1) Pierced mug; 2) Flask; 3) Porringer by Various

Nottingham was famous throughout the country for its fine brown salt-glazed stonewares.


Salt-glazed stoneware
Height: 1) 9.3 cm; 2) 11.3 cm; 3) 7 cm
Art Fund grant:
£1,875 ( Total: £6,500)
Acquired in:
Robin Hildyard

The Nottingham potteries were owned by two families, the Morleys (the Carter Gate Pottery and later the Beck Barns pottery) and the Wyers (the Boot Lane Pottery). 1) Pierced wares like this double walled pierced mug were a speciality of the Nottingham potters and required great skill. 2) The flask is inscribed ‘My Love is pure and Shall Endure J B 1723’ and pieces from this time often carried the initials or name of the person for whom the pot was made. Nottingham has few examples from this period and only one comparable flask is known. 3) This is the first example of this form of household ware to enter the Nottingham collection. The fact that it was excavated recently in Holland raises questions about the trade of Nottingham salt-glaze in Europe.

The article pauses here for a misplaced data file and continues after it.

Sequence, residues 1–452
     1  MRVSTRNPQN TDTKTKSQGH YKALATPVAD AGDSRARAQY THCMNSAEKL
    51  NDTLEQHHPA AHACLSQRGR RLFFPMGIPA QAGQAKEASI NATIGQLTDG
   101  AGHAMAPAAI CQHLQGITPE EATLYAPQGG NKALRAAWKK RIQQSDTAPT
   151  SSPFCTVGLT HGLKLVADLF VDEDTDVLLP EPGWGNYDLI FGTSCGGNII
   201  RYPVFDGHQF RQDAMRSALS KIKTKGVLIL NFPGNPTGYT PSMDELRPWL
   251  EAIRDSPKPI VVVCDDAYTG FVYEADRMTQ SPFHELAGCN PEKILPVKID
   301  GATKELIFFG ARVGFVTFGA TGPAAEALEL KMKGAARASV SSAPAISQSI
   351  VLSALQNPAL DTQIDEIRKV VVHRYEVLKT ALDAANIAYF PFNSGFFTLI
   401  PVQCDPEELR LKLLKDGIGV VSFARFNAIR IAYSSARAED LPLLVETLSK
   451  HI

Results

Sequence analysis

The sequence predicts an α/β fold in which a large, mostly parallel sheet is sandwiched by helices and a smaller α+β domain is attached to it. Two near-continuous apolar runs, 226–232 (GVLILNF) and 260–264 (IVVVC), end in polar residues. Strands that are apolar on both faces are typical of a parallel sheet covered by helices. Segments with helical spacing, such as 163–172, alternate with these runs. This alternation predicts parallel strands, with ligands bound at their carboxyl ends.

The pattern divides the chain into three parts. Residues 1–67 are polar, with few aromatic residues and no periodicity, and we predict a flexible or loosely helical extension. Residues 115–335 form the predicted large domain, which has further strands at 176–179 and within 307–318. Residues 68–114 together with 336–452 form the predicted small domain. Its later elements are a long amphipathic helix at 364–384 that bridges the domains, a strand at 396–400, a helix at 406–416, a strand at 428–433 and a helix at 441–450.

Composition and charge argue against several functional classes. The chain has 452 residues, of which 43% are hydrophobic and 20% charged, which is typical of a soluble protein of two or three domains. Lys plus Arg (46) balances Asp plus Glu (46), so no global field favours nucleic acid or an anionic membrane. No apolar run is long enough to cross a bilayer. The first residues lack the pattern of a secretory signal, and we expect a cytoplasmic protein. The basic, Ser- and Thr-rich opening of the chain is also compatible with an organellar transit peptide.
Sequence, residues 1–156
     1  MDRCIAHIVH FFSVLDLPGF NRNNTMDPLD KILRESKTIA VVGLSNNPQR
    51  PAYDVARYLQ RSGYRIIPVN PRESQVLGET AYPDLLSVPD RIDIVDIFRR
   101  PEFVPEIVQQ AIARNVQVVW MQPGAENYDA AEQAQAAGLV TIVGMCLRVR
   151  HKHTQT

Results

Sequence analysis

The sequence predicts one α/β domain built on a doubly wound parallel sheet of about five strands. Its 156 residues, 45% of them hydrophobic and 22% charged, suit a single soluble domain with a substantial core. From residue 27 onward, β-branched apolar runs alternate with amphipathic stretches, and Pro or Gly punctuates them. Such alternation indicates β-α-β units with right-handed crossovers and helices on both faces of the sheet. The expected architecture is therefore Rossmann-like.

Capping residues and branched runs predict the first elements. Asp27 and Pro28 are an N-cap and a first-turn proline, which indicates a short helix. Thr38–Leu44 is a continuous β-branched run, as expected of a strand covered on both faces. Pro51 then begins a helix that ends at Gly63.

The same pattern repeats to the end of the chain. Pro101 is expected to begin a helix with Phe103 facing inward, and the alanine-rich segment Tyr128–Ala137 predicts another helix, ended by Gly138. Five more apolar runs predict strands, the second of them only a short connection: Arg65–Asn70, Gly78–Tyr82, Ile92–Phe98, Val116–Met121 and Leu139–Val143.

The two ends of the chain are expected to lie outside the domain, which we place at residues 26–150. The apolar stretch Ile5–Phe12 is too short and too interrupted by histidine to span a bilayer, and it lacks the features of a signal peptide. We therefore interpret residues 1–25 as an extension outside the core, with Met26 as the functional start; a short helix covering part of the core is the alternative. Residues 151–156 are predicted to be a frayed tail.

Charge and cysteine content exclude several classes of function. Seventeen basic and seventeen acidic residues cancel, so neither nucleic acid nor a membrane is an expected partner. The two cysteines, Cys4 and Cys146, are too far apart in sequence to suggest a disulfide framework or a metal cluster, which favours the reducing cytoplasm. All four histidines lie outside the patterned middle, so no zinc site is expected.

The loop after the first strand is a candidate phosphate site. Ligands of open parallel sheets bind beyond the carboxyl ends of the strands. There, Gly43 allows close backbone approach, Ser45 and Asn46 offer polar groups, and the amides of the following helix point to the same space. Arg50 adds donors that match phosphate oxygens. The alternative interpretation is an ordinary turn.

1) Private collection; Sotheby's, 1995; Robin Hildyard 2) Private collection; Robin Hildyard, 1980 3) Excavated from a garderobe, Abmsterdam; Van Geenan, Netherlands; Garry Atkins, 1992; Robin Hildyard, 1992.

Venue details

Nottingham Castle Off Friar Lane, Nottingham Nottinghamshire NG1 6EL 01158 761 400 www.nottinghamcastle.org.uk/

Entry details

Free with National Art Pass (standard entry £6)

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